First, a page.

Teaching a Teen to Drive? Here’s 6 Tips for Giving Gentle Feedback

Driving with your teen is exciting and a little scary. You have dreamed about them becoming independent. You have grown tired of being their taxi driver. You’ve made a plan for tackling driver’s ed and talked about your family’s driving rules. It’s definitely time for them to learn to drive, but do you have what it takes to teach them without losing your cool? 

Yes! Yes, you do! But it may require a little effort on your part to stay calm in the passenger seat. Here are some tips from parents just like you on how to give feedback when you’re strapped into a car being driven by your teen who it feels like just learned to tie their shoes. Speaking of tying shoes, you taught them that too! Remember that? And look at them walking around with tied shoes all the time. You can teach them how to drive too! You’ve got this.

How to Give Gentle Feedback

1. Keep Calm and Drive On

When you’re in the car with your teen, you might be tempted to bring up things you’ve been wanting to talk to them about, after all, they are a captive audience. But driving practice is not the time to discuss hot topics that make you and your teen emotional. Research from Virginia Tech Transportation Institute found that emotional drivers are ten times more likely to get into a wreck. Do your best to create a calm learning environment for your teen. Take deep breaths before driving practice and try to access the most zen version of yourself. 

Instead of saying: While I have you here, I’ve been meaning to ask you what happened with that chemistry test? I thought you studied! 

Consider saying: I’m so grateful for this time with you. It’s a really nice perk of teaching you to drive! 

2. Stay Positive

How does it feel when someone only points out what you’re doing wrong? No one wants to hear negative comments, especially when they are working hard to learn a new skill. Driving requires so many parts of your brain to be engaged. It is exhausting and overwhelming at times for your teen to learn and apply so many new skills at once. Before correcting your teen’s driving, point out a few positive things they are doing well. They’ll be more likely to listen to you and less likely to get defensive and/or upset. According to the Gottman Institute, teens really do care what their parents think. Giving them praise is good for their self-esteem and for your relationship.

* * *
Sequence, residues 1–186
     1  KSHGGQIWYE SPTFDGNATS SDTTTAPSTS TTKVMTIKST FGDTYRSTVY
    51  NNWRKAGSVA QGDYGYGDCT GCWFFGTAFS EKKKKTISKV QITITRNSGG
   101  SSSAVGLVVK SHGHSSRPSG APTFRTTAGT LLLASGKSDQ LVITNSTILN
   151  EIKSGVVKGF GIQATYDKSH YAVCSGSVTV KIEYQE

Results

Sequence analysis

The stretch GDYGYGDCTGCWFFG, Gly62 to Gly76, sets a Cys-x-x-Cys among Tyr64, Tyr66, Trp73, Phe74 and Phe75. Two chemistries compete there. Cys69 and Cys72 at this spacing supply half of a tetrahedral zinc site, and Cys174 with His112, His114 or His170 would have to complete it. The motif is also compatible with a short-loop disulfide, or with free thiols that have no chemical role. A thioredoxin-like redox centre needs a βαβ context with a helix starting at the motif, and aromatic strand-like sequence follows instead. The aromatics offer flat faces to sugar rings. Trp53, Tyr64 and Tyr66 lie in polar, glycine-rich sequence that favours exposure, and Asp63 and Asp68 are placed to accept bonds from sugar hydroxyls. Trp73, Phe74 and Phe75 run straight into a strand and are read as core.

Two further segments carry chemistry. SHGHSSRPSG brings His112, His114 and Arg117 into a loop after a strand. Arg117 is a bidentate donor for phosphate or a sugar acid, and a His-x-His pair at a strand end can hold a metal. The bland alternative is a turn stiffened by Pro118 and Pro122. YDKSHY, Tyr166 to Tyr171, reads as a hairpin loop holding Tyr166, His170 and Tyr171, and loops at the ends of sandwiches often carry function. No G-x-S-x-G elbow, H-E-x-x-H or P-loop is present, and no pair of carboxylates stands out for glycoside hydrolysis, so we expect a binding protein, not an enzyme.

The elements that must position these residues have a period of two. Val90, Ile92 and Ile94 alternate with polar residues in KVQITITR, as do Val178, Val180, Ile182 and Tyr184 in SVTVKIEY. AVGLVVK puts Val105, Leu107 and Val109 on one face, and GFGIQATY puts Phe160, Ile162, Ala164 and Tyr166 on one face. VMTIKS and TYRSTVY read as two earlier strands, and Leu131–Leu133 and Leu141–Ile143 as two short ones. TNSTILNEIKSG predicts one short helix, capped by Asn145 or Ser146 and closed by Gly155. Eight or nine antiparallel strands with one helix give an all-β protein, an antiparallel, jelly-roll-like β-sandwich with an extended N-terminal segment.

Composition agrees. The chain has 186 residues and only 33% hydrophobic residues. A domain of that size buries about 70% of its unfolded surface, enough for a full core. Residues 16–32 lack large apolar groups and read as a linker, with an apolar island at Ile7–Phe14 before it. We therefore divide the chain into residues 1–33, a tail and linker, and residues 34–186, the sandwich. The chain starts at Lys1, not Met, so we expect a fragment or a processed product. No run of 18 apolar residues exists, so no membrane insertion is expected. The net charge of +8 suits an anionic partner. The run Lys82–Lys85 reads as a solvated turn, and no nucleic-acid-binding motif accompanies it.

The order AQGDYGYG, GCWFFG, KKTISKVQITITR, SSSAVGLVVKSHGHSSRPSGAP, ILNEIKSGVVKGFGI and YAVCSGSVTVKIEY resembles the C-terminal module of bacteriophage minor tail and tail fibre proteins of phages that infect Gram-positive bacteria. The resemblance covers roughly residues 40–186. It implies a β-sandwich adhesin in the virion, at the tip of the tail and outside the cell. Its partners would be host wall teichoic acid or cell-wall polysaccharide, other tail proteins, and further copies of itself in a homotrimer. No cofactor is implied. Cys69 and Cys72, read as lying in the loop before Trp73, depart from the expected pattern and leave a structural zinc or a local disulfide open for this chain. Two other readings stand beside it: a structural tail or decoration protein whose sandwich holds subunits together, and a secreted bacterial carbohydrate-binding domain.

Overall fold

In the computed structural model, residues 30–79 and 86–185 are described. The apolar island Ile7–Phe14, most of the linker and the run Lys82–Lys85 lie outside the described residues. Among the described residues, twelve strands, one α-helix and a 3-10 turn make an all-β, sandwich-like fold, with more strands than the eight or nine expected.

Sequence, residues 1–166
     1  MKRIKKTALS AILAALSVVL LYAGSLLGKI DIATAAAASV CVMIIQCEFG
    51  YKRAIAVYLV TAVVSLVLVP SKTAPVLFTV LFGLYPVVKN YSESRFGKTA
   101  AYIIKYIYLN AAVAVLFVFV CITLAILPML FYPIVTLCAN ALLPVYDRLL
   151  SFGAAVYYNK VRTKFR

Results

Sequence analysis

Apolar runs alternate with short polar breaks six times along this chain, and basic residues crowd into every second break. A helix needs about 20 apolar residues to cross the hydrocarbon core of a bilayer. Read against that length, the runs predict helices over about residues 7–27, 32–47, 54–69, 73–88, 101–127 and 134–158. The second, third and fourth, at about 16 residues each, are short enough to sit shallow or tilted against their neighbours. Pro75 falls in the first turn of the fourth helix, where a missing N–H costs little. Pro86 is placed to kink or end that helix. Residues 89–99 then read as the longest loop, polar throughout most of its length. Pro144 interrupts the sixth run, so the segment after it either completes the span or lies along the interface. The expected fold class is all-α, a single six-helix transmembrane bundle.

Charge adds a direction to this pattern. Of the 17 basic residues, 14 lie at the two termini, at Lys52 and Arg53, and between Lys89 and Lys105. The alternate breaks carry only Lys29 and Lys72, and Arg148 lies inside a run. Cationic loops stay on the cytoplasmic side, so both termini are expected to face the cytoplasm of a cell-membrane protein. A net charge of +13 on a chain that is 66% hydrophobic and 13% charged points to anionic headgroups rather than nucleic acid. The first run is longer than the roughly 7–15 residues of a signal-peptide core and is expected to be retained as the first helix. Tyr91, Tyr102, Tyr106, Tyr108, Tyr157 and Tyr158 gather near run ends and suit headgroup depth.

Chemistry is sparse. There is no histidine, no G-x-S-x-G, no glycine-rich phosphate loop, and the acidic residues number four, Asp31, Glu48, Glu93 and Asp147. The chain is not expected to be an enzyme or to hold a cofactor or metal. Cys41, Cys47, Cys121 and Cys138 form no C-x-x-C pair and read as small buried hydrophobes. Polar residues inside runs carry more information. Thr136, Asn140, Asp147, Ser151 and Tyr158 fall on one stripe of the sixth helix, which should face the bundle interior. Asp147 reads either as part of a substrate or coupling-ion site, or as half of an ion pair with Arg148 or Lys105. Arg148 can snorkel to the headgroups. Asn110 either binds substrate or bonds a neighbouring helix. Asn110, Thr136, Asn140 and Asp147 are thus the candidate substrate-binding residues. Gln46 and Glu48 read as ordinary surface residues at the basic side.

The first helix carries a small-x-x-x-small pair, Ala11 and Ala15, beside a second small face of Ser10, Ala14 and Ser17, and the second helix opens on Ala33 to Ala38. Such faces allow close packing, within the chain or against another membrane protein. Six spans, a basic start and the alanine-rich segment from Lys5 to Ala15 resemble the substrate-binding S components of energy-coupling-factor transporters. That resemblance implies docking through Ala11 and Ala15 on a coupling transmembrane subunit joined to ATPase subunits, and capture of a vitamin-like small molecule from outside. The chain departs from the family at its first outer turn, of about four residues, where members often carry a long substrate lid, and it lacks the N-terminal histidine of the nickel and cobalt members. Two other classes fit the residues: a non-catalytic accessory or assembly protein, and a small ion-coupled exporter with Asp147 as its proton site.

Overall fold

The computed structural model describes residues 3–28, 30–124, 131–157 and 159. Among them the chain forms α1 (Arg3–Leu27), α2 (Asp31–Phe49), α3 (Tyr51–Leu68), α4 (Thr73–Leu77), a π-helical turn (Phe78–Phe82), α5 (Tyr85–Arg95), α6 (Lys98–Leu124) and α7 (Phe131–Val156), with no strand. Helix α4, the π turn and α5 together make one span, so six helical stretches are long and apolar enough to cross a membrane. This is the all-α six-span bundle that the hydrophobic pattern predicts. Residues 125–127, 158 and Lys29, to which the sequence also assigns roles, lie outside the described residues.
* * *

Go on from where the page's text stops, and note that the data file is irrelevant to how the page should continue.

Instead of saying: “You didn’t check your blind spot! We could have had a wreck if someone had been in the left lane just now.”

Consider saying: “Great job putting on your blinker and moving over for that cyclist. Be sure to always check your blind spot when you change lanes.”

3. Use “I” Statements

When emotions run high, it’s human nature to go right into blaming mode, which puts someone on the defensive and leads to arguing. Not good for teaching or driving.

Instead of saying: “You always forget to adjust your seat. How can you drive that way?” 

Consider saying: “I notice that when my seat is far away from the steering wheel I have a hard time feeling in control of the vehicle.” 

Reframing your comment as your own observation/feelings will enable your teen to hear you instead of going into defensive mode.

4. Be Clear and Kind

Teaching your teen to drive is no time for snarky comments or sarcasm about your teen’s driving. 

Let’s say your teen backs out of the driveway without checking their rearview mirror.

Instead of saying: “Nice job, hot shot. That’s a great way to get us both killed.” 

Consider saying: “I noticed you didn’t check your mirror. That’s the first step every time you put the car in reverse. Let’s stop and try again. I want to make sure you have this step down because it’s really important.” 

5. Ask Questions

Instead of lecturing them, ask your teen questions to find out what they already know. Then build on that. Now, you are having a conversation instead of giving a driving Ted Talk that your teen will likely tune out. 

Instead of saying: “In Texas, it is legal to turn right on red. This is because of state law blah blah blah that was first enacted due to the right to turn right Act of nineteen blahdy blah. Are you listening? This is important information!” 

Consider saying: “What did your driver’s ed course say about turning right on red?” 

Having your teen summarize what they know in their own words is a great way for them to reinforce what they’ve learned and enables you to make sure they are learning what they need to be a safe driver. 

6. Take the High Road

Your driving feedback could be as gentle as a summer breeze, and there will still be moments when your teen will roll their eyes at your kind and constructive advice. They are a teen after all. This is their job. And you are an adult, and old enough to not engage in a power struggle. 

Instead of saying: “Oh, sorry, I guess you know everything about driving. I’m not sure why I even bother!”

Consider saying: Nothing

There will likely be times when you’ll have to pretend to ignore those eye rolls and smug “I knows” and just keep on being your awesome parent driving instructor self. The ultimate driving lesson is to learn to take the high road. Just don’t forget to put your blinker on and check your blind spot first. 

Ready to get your teen on the road? Our parent-taught driver’s ed course will give you all the tools you need to stay calm and help your teen get their license!

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Elizabeth McBride